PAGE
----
Malinda Maynor Lowery

A black-and-white photo of a young woman behind a video camera, filming something.
Courtesy of Malinda Maynor Lowery

Malinda Maynor Lowery is a Lumbee Indian whose family goes back more than 10 generations in Robeson County. Lowery was born in Lumberton, N.C. but raised in Durham, where from an early age, she often fielded the question, "what are you?" Although she grew up in a family with a strong sense of Native identity, this question stayed with her much of her life, and eventually became the subject of much of her academic and documentary work.

Waltz Maynor

As we work to gain perspective during this crisis, we may find ourselves searching our personal and collective memories for precedents, stories or myths that might restore the ground under our feet. What is the relationship between collective memory and identity?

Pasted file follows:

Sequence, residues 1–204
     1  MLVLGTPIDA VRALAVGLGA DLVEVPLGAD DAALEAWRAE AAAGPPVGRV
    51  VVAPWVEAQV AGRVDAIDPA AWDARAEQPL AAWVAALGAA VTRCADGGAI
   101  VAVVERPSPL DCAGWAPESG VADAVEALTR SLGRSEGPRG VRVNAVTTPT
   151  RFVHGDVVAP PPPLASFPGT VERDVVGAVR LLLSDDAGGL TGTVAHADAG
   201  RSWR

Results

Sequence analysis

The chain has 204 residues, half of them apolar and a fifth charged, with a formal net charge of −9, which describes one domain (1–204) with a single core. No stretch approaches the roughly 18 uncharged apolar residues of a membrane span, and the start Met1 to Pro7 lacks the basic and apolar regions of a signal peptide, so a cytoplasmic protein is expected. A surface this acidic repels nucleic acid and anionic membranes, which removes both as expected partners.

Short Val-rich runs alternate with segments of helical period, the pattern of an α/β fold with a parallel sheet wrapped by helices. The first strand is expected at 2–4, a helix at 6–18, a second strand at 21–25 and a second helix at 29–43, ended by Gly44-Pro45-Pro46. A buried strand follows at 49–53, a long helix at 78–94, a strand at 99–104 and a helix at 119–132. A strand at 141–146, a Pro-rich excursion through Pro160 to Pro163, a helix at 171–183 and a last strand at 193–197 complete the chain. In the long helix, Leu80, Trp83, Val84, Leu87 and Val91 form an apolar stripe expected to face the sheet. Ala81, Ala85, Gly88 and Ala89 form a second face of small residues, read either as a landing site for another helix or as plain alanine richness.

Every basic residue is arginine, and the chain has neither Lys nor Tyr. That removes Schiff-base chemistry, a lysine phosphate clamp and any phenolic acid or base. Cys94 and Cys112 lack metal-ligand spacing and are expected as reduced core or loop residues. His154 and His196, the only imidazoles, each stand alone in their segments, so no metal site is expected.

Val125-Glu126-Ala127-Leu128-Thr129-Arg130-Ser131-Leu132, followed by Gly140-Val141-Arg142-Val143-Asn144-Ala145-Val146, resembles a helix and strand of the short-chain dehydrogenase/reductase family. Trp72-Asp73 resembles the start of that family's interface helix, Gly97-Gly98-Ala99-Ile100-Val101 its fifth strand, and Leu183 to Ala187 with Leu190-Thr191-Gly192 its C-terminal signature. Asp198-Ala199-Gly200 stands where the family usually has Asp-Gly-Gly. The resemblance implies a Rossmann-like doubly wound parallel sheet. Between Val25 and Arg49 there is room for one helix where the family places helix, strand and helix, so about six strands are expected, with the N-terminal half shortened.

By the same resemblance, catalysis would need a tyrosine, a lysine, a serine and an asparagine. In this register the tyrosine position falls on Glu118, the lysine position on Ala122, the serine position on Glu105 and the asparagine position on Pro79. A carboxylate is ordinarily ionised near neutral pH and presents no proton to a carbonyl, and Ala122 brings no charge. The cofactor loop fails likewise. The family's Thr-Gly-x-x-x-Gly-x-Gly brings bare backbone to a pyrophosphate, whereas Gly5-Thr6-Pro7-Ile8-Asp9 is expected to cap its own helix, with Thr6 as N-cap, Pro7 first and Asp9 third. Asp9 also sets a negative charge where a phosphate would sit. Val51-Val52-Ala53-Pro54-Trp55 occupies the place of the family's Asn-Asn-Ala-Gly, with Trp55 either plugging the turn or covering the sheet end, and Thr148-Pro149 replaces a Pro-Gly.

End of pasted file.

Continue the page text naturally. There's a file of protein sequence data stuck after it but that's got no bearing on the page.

UNC Press

Historian Malinda Maynor Lowery grew up hearing two distinct histories. One was American history taught in the classroom, and the other was the history of the Lumbee Tribe of North Carolina, taught around the dinner table. 

Courtesy of Malinda Maynor Lowery

Malinda Maynor Lowery is a Lumbee Indian whose family goes back more than 10 generations in Robeson County. Lowery was born in Lumberton, N.C. but raised in Durham, where from an early age, she often fielded the question, “what are you?” Although she grew up in a family with a strong sense of Native identity, this question stayed with her much of her life, and eventually became the subject of much of her academic and documentary work.